Mervo’s lead plumbing instructor gains insights on how to position his students for utility careers

An innovative summer externship program gives teachers on-the-job experience they can translate to classrooms

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After the economic turbulence of the Great Recession, Kibwe Shelton “wanted to train in something that would always be needed.” So, he earned journeyman apprentice status and spent years installing commercial and industrial plumbing. 

It wasn’t until he helped his wife open a driving school that he learned he liked working with young people as much as he liked working with his hands. So, he was delighted with the opportunity to help Mergenthaler Vocational-Technical High School (Mervo) restart a plumbing component in its construction program. 

Reworking a curriculum last used eight years earlier, Kibwe developed a combination of classroom and hands-on learning approaches to introduce high school students to plumbing skills.   

After this past school year, he learned about the Maryland Chamber of Commerce Foundation’s Teacher Extern Program, which matches teachers with local businesses whose employees need the skills taught at Mervo and other Baltimore City high schools.  

The program assigned Kibwe to BGE. There he experienced natural gas field work, learned the range of utility careers and came to appreciate the strong safety culture that underlies every aspect of the company’s operations .

“I’ve had a number of professional experiences in my lifetime,” Kibwe said. “This was probably the best one I’ve ever been exposed to.”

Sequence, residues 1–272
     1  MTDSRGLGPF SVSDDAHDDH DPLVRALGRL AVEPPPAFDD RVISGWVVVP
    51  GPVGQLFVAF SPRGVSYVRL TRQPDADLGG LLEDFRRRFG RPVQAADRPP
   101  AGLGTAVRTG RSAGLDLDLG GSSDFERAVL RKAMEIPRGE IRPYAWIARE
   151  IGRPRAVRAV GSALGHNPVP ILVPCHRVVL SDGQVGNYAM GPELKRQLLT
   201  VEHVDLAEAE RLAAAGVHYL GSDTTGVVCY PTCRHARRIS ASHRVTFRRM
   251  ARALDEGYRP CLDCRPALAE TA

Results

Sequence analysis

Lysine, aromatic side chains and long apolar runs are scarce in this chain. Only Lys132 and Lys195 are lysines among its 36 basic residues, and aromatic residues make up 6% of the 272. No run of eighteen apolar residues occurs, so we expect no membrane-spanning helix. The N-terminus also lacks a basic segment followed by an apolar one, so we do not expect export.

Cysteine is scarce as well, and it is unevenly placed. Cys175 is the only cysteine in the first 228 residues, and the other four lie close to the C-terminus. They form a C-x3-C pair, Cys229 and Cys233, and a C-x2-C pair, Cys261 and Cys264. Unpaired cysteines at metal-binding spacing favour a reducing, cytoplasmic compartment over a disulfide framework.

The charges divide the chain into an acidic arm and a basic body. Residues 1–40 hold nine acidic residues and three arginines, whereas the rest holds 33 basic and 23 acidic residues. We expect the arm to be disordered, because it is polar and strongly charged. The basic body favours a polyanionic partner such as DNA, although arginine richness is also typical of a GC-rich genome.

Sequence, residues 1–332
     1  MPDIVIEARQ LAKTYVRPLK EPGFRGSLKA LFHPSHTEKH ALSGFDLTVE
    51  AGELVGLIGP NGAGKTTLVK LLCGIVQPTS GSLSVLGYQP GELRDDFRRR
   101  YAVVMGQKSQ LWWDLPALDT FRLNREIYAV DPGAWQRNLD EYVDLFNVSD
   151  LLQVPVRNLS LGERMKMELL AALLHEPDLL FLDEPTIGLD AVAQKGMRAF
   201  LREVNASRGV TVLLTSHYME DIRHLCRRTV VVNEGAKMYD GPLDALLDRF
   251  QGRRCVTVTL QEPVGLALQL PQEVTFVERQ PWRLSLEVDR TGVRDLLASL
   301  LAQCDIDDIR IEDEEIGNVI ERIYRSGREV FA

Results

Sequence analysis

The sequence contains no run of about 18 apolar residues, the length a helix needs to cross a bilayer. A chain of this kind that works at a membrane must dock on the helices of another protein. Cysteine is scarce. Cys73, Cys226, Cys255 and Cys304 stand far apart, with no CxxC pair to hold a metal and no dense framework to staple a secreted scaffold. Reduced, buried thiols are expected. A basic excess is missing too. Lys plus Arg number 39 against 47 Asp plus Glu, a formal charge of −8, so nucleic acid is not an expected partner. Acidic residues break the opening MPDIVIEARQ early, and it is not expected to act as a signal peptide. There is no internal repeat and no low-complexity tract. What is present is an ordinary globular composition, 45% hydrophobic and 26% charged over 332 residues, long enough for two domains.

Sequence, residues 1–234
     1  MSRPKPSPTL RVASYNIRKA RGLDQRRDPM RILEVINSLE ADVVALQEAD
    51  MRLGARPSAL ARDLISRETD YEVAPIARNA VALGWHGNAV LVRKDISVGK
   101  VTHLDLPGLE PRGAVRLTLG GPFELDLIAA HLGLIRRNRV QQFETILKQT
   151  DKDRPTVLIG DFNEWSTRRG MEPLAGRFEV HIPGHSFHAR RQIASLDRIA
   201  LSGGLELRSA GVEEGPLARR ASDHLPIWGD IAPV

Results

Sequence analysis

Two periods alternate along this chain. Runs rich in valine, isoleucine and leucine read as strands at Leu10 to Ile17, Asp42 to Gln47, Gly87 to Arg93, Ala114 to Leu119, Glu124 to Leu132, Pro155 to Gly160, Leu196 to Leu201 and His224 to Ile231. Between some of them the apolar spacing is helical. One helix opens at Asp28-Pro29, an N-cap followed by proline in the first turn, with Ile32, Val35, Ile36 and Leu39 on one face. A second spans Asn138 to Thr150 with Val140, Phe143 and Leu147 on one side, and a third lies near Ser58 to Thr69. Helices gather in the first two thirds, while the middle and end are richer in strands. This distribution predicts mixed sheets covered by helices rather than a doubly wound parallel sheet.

Lessons learned.
Kibwe Shelton learns skills to position his students for utility careers
Tim Slater trains Kibwe Shelton on how to work with natural gas pipeline materials. (all photos by Kaitlin Newman)

At BGE, Tim Slater introduced Kibwe to the utility world and gave him real-life experience in natural gas operations. Tim is a BGE Gas Operations manager. 

Kibwe spent his first days at BGE gaining an overview of corporate operations – and the value the company places the safety of employees and the public.   

“It’s all about safety at BGE. I spent five days just learning their safety protocol.  And then I went into the field, and I heard the same message from everyone I met.” 

At every job site, Kibwe learned the practice and the importance of the daily briefing. At the beginning of every day, an employee provides an up-to-date review of the site, alerting employees to specific circumstances and potential risks.   

Kibwe said, “At every job I visited, someone would stop me and tell me what to be aware of: things like the weather, possible hazards, nearby construction — and what to do if anything goes wrong. 

This impressed Kibwe so much that he will incorporate the practice in his lessons. Each day, one student will be responsible for briefing the others: what they are working on that day and what to watch for; what to do if the computer breaks down; what’s the exit plan for a fire drill. “They’ll be prepared to start every day in a formal, work-like manner.”